kihou: (Dr. Morden clone #187)
[personal profile] kihou
One interesting thing about storyline quests in Chuubo's is that they provide worldbuilding in a way that's not present in most RPGs. I feel like most RPGs worldbuild in two main ways: directly, by telling you facts about the world of the game, and indirectly, by the traits, capabilities, and abilities of characters and how they interact. A related concept is "how you should play the game", feel and genre (or WTF's Insight), which similarly has explicit text ("this is a game about fighting monsters") and implicit "these are the things that the mechanics highlight or reward". Chuubo's XP actions, while different in focus than most RPGs, are in this category, mechanical rewards for focusing on certain things in the same way that D&D rewards you for killing monsters or Urban Shadows rewards you for interacting with factions. Chuubo's storyline quests, while similar-seeming at first, have a level of specificity that's different from most games and contributes to worldbuilding and game feel in a unique way.

Some quests, particularly those from Fortitude: by the Docks of Big Lake, connect to normal worldbuilding, referring to people or situations you can read about in the prose, but that's not what I'm really interested in here. I'm more talking about stuff like "you use an elaborate, magical-looking key". Why is there an elaborate key? What is it used for? That's for the player or the HG to figure out, but being on the quest The Trials of the Sun gives support for such a key to exist for whatever reason. A lot of the weirder ones give a cop-out option; e.g. "You meet a star in human form" has a footnote saying that "a glamorous enough celebrity is also OK", and some suggest that the relevant events might happen in a dream sequence, so in some sense they're less facts and more prompts. I find a lot of them very evocative, and like a good writing prompt I feel like they could push you in directions you wouldn't think of otherwise, serving as an evocative seed to get you to define your world more interestingly, rather then telling you exactly how something fits into the world.

Like XP Actions, storyline quests can also have some of the "this is what you should spend time on" nature. XP actions say things like "you should have slice of life scenes" in a Pastoral game. Some quest flavor is like this, but more specific; if you're on a Beautiful and Far Away quest, you should be doing things like "talking with somebody about what dreams are, as compared to reality". That's a game feel sort of thing, and pushes roleplay in interesting directions like some quest actions push worldbuilding.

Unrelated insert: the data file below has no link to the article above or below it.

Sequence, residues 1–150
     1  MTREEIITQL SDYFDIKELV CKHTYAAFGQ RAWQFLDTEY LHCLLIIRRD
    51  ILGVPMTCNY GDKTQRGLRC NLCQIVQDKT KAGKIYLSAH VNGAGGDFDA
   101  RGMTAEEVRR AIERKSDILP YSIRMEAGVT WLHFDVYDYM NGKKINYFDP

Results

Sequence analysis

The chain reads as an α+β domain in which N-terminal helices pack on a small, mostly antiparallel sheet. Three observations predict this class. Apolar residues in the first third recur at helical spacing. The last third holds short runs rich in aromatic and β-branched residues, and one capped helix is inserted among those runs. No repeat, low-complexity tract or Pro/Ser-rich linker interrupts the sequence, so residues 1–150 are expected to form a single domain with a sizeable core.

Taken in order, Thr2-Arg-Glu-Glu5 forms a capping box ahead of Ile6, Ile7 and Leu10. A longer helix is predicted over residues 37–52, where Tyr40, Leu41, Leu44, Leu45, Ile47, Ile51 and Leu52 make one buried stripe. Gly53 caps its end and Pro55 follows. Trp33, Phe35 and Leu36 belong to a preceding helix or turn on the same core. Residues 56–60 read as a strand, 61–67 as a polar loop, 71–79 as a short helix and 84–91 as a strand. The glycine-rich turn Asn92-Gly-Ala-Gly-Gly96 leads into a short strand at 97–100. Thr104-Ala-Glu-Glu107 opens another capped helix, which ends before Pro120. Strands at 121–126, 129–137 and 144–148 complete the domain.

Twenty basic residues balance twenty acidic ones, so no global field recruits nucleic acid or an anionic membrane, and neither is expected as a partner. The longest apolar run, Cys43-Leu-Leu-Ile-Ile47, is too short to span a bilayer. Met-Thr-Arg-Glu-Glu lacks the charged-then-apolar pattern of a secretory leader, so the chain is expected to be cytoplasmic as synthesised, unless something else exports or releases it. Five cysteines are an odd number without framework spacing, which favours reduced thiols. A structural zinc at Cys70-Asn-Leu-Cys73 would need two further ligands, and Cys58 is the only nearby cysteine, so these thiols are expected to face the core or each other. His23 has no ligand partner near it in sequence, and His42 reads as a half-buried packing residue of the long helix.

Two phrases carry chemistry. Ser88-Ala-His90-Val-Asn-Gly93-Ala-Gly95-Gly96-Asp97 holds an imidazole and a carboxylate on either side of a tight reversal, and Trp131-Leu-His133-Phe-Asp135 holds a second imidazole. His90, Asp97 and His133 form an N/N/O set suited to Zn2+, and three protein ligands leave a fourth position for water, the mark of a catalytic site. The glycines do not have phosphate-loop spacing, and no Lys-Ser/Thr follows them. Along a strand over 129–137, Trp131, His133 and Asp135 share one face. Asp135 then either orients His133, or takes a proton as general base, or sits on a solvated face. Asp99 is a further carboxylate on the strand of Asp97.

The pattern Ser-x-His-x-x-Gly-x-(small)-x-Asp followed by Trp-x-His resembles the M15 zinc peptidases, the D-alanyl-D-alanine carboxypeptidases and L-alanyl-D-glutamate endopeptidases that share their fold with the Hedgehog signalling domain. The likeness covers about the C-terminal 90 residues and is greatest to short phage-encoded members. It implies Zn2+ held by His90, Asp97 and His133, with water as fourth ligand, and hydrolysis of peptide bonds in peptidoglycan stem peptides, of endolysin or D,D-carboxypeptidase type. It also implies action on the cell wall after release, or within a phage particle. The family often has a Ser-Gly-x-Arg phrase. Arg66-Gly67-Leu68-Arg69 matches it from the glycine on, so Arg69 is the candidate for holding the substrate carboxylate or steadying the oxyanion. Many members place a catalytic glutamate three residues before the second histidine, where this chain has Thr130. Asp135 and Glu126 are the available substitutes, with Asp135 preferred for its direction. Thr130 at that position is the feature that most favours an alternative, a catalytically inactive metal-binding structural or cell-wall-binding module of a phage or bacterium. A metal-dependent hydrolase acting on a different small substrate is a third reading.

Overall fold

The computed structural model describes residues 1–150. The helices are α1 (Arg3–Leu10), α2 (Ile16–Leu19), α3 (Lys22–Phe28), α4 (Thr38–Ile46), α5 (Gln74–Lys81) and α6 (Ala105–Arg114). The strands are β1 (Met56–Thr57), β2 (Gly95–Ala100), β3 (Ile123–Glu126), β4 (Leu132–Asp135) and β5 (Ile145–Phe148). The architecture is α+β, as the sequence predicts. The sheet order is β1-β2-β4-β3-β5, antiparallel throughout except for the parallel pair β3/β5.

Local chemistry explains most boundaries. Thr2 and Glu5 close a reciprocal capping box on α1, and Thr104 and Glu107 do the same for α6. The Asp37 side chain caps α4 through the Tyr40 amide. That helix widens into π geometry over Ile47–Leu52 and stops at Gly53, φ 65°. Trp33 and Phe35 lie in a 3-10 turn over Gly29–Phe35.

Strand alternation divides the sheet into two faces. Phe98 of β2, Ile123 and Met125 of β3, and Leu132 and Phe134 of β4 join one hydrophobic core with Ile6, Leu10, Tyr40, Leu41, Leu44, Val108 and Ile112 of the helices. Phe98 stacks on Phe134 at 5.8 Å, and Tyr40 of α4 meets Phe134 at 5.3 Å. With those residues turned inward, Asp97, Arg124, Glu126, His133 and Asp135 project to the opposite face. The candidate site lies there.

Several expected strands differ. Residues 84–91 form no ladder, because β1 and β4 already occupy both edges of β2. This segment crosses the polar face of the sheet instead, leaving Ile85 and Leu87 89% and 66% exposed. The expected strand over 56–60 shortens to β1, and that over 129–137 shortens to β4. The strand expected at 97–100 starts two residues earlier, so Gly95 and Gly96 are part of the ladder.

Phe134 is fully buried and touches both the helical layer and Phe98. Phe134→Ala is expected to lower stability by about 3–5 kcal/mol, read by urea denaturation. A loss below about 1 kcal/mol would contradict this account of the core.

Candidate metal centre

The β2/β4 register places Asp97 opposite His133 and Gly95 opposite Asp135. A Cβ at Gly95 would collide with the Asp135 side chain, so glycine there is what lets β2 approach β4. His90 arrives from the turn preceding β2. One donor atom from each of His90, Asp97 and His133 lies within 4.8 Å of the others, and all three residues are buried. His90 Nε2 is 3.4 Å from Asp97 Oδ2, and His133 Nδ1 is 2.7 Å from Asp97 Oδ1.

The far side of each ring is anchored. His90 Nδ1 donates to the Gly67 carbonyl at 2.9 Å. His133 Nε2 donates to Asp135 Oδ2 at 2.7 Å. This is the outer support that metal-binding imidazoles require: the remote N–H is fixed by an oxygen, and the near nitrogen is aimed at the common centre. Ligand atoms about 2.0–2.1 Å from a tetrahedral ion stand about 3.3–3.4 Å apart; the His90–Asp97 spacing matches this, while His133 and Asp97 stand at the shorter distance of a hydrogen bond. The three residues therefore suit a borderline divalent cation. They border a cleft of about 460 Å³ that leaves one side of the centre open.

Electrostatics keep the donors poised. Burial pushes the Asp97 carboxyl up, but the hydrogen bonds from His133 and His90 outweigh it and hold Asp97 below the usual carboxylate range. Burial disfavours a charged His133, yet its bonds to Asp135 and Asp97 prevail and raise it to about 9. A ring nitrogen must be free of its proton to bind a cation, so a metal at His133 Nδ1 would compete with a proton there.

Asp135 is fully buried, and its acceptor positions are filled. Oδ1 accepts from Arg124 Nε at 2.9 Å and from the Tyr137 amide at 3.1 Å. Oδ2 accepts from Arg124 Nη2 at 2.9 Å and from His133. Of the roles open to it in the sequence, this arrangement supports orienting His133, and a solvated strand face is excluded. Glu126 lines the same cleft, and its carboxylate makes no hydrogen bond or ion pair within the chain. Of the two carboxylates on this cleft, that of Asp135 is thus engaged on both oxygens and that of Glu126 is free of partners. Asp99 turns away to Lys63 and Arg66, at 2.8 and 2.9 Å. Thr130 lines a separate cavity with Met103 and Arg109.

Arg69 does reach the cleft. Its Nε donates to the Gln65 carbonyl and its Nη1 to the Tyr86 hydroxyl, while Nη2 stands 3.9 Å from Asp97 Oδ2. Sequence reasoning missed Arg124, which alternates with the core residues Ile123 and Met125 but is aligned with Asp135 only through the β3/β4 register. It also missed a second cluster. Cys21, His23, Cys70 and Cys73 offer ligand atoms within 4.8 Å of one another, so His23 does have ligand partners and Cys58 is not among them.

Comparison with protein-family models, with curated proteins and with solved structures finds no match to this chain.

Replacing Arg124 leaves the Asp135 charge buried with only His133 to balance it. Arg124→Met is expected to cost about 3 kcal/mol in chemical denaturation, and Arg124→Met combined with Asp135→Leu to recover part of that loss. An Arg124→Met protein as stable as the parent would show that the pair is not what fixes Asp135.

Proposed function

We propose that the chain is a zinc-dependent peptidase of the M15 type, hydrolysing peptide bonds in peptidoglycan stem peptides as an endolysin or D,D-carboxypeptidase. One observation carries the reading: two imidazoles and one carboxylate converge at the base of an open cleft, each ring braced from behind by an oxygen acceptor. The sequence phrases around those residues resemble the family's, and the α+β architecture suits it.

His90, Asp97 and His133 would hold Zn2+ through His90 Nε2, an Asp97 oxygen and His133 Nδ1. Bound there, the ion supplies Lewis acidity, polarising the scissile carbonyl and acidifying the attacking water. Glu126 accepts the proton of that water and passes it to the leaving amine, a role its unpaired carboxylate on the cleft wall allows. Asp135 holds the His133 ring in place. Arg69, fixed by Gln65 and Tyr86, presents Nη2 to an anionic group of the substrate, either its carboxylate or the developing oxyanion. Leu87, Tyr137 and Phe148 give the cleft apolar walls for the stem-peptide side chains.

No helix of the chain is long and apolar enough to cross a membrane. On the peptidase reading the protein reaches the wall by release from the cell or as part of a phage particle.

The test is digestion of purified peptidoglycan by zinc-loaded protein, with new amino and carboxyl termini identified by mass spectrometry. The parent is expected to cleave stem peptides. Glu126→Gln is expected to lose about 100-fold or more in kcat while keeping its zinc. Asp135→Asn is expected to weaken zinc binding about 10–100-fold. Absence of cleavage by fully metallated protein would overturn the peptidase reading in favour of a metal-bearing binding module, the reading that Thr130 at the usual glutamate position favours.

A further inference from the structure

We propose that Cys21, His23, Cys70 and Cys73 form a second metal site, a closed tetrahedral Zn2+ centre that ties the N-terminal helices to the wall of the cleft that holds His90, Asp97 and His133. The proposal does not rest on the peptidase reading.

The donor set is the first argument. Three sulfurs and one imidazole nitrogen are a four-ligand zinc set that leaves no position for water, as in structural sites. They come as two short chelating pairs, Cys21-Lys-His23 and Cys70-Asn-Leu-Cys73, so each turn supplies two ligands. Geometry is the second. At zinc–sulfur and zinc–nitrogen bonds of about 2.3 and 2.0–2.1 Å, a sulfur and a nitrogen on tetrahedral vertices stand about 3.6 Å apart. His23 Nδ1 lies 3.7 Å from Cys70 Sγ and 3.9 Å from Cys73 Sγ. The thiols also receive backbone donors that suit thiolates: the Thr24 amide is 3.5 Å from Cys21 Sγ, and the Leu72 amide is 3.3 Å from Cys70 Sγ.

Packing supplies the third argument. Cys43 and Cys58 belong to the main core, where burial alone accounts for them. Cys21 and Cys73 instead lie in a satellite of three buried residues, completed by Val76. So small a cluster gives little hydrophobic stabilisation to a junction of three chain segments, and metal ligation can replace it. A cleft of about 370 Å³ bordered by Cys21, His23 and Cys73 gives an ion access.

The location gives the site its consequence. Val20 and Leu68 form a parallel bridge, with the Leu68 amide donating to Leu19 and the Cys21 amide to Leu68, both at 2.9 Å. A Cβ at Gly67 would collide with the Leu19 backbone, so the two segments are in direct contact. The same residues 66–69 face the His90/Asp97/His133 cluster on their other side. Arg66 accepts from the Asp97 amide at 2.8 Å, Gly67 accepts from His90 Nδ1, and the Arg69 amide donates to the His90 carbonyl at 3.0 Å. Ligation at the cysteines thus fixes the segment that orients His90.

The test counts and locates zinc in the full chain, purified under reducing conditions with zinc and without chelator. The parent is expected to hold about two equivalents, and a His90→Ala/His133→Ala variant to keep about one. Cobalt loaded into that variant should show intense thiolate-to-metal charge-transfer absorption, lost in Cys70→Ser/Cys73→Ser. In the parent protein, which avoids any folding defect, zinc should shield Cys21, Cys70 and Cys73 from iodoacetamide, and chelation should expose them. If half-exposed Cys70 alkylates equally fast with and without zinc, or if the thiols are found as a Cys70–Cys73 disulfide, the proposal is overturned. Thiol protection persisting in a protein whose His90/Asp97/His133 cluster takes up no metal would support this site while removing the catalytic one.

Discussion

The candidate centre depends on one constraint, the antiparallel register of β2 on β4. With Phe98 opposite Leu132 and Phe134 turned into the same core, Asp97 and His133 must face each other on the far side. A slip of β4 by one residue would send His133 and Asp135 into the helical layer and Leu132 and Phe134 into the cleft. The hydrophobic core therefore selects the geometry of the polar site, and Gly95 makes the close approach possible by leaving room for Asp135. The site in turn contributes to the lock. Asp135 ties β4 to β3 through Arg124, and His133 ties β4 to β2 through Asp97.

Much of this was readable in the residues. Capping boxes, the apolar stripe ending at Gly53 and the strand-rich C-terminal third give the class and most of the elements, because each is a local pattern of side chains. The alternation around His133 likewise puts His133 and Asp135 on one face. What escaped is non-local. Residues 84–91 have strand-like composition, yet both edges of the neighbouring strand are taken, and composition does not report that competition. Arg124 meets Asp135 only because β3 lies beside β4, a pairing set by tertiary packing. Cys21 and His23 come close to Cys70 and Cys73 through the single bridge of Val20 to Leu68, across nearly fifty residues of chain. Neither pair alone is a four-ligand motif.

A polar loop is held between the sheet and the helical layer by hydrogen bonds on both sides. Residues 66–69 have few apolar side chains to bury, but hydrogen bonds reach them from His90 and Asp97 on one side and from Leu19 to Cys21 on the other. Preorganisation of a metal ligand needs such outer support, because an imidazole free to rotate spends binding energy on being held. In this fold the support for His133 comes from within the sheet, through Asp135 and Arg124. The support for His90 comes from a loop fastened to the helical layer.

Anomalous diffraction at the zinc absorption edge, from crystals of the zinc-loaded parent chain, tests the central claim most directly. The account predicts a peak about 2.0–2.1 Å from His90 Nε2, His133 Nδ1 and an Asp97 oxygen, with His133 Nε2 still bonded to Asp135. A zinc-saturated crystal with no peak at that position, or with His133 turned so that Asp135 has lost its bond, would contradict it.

I think both of these end up pushing the HG and players towards symbols and metaphor in an interesting way. Quest flavor can include prompting you to watch birds flying, or to eat hot cross buns or melon pan, without telling you what that means or why that's relevant to something like reinventing yourself. Leaving the significance of such things open-ended seems like it could lead to cool play in a way that'd be hard to do in normal sourcebook prose. And it keeps the feel of the game and the author a continuous, changing part of play, rather than something that's involved in character creation but falls by the wayside after that.

Basically, storyline quests seem super-evocative in a bunch of different ways, and I feel like it provides support for the feel of a game in the way standard sourcebook text can't, while also changing over time to keep things fresh. I look forward to seeing more of them in my new Chuubo's campaign.

Date: 2016-03-21 10:03 am (UTC)
l33tminion: (L33t)
From: [personal profile] l33tminion
Very curious to see how this will work out in practice in Chuubo's, especially given miraculous arcs in a pastoral setting. I wonder if I should tone down my character a bit (or a lot) in terms of high-fantasy-ness, though I like my basic concept.

Date: 2016-03-21 02:17 pm (UTC)
ext_81047: (Journaling at Stonehenge)
From: [identity profile]
I mean, you and Andrew seem to both have pretty epic characters who are specifically focusing on having less-epic lives right now, which seems fine. Given the example of Glass-Maker's Dragon, which is a pastoral campaign which has a character obsessed with nightmare science and one who's the king of evil and so on, it doesn't seem necessarily outside Jenna's attention. Things might get more like Spirited Away sometimes than Kiki's Delivery Service, but any character with 3 points of miraculous arc traits is going to be pretty ridiculous, so I'm fine mixing some epic plot elements with the important stuff of making a home in Fortitude and helping kids get to school (or Chuubo get his ice cream) if you are.

Date: 2016-03-21 03:45 pm (UTC)
l33tminion: (Train)
From: [personal profile] l33tminion
Spirited Away is a pretty great example, if I'm getting what Jenna means by "Pastoral".

Date: 2016-03-21 04:08 pm (UTC)
ext_81047: (Journaling at Stonehenge)
From: [identity profile]
It sorta seems to me that the idea is "the important stuff is connecting to people and valuing/emphasizing ordinary things, whether you're actually leading a pretty ordinary life in a pretty calm town or whether you're inventing nightmare creatures or fighting the forces of darkness".

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